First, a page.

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Posts Tagged ‘days out’

I was due to be working this week but it didn’t happen and instead I got a day in France. Poor me, hey 😉

We went by ferry which meant we got to see the White Cliffs in all their glory. I forgot my camera (I was awake ridiculously early so my brain wasn’t exactly efficient…) but here’s a pic my dad took as we came into port on our way home.  It shows the harbour walls and a ferry in port, and just on the top of the hill in the background is Dover Castle. Look how calm the water is – we were very lucky!

 

Dover
One of the most well-known WWII songs here in the UK is probably (There’ll be Bluebirds over) The White Cliffs of Dover, famously sung by Vera Lynn. Dame Vera turned 97 on the 20 March; my grandma shared her birthday.

Interestingly, there are no bluebirds in Dover; they are not native to this part of the world. The writers of the song were both from the USA and probably didn’t know this, and it didn’t seem to matter to the listening public at the time but it did leave the way open for a variety of alternative meanings for those unlikely birds.

My favourite interpretation is that the bluebirds were a sign of happiness to come. This ties the song in to other US works too, like Somewhere over the Rainbow, which was written a couple of years earlier.

Ornithology notwithstanding, when I see the White Cliffs I think of home – and how lovely to come home with lots of French goodies 🙂

Happy writing

EJ

🙂

 

 

 

 

 

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I was looking through some old pictures this week and I came across a few evening shots.

This picture was taken when we were in Cornwall a couple of years ago, and it instantly puts me in a holiday mood.  I love the way the clouds seems to mirror the shape of the bay, it looks positively purposeful.

At the end of the day

It also reminds me of a phrase I hate to hear and yet (over)use myself – ‘at the end of the day’ – but that’s another blog post 🙂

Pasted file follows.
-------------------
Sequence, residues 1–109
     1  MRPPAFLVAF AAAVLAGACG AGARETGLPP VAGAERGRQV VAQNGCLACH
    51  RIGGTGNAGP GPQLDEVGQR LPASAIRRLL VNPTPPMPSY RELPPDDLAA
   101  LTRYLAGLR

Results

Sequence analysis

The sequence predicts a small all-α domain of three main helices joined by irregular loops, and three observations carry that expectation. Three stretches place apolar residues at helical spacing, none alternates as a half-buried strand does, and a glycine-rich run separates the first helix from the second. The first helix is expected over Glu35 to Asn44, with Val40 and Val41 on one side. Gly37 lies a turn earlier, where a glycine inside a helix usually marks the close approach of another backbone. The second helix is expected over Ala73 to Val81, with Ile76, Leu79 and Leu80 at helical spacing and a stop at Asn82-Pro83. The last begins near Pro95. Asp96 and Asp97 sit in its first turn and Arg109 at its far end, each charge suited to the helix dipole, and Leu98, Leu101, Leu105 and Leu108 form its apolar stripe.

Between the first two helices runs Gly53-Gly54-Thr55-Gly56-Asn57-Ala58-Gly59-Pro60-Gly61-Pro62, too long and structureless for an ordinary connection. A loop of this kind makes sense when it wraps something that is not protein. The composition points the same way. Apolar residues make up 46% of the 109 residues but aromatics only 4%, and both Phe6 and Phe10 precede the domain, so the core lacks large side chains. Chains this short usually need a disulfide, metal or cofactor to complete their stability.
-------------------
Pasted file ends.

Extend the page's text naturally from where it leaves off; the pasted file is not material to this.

There’s a science to the colour of the sky, which I find fascinating.  Colours have meaning across life-forms, from a dangerous red to a toxic green, and we humans surround ourselves in them – we might buy a sky-blue paint, or a storm-coloured car, or a sea-green top for example – so to know they are in some ways a product of our biology is mind-boggling.

I can’t imagine the midday sky being purple, and if it was the whole world would look different because every colour would change to our eyes.  There are wonderful possibilities in that for painters, but I’m not sure we’d attach the same emotions to shades and tones as we do now.

That’s important to me – I prefer to look, and feel however the sky makes me feel.  In this case, the soft changes to the light over the water was restful, which I like at the end of  holiday-day 🙂

I especially love the light at the coast: growing up with easy access to beaches and coves but living away from them, the air and the open horizons still make me feel like I’m on holiday, or having a treat!

So the science of the sky doesn’t really matter on a day-to-day basis, I’ll just enjoy scenes like these, whatever colours they bring.

Happy writing

EJ

🙂

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Apparently, this is my 300th published post 🙂 Happy 300th post, me!

Yesterday my partner was off work so we decided to go out and make the most of the sunshine (yes, there has been sunshine!) and ambled off on a drive.  We ended up at a beach we like to visit; it’s not sandy but the horizon is open and there are ice creams 🙂

Well, when we arrived we saw this:

Building a Beach

It’s called ‘Beach Management’ and it involves moving shingle, where the tide has pushed it into a drift at one end of the beach area.  

I know coastlines are managed in many ways: here in the UK we have lots of properties built on or near the shoreline and parts of our shoreline (and some of these properties) are collapsing into the sea.  Without works like this, there would be more flooding and more houses at risk.

However, this is the first time I’ve ever seen it in such a definite way!

Obviously the beach was closed, but it didn’t look like our beach anyway.  It looked like someone was readying the ground for a housing estate – it wasn’t the same place at all.

That perception, the sense that things are not as you thought they were, is a theme in my new story so this felt very timely.  It’s a reminder that when we stop and look at things, and at how they work, it’s clear we see very little.  It’s like they say about ducks (or possibly swans!): we watch as they glide across water, but underneath their little legs are going for all they’re worth!

We didn’t stay for long and went off to enjoy the day somewhere else.  You could tell we were a bit out of kilter after seeing this though: we left without getting anything from the ice cream van!!

Happy writing,

EJ

🙂

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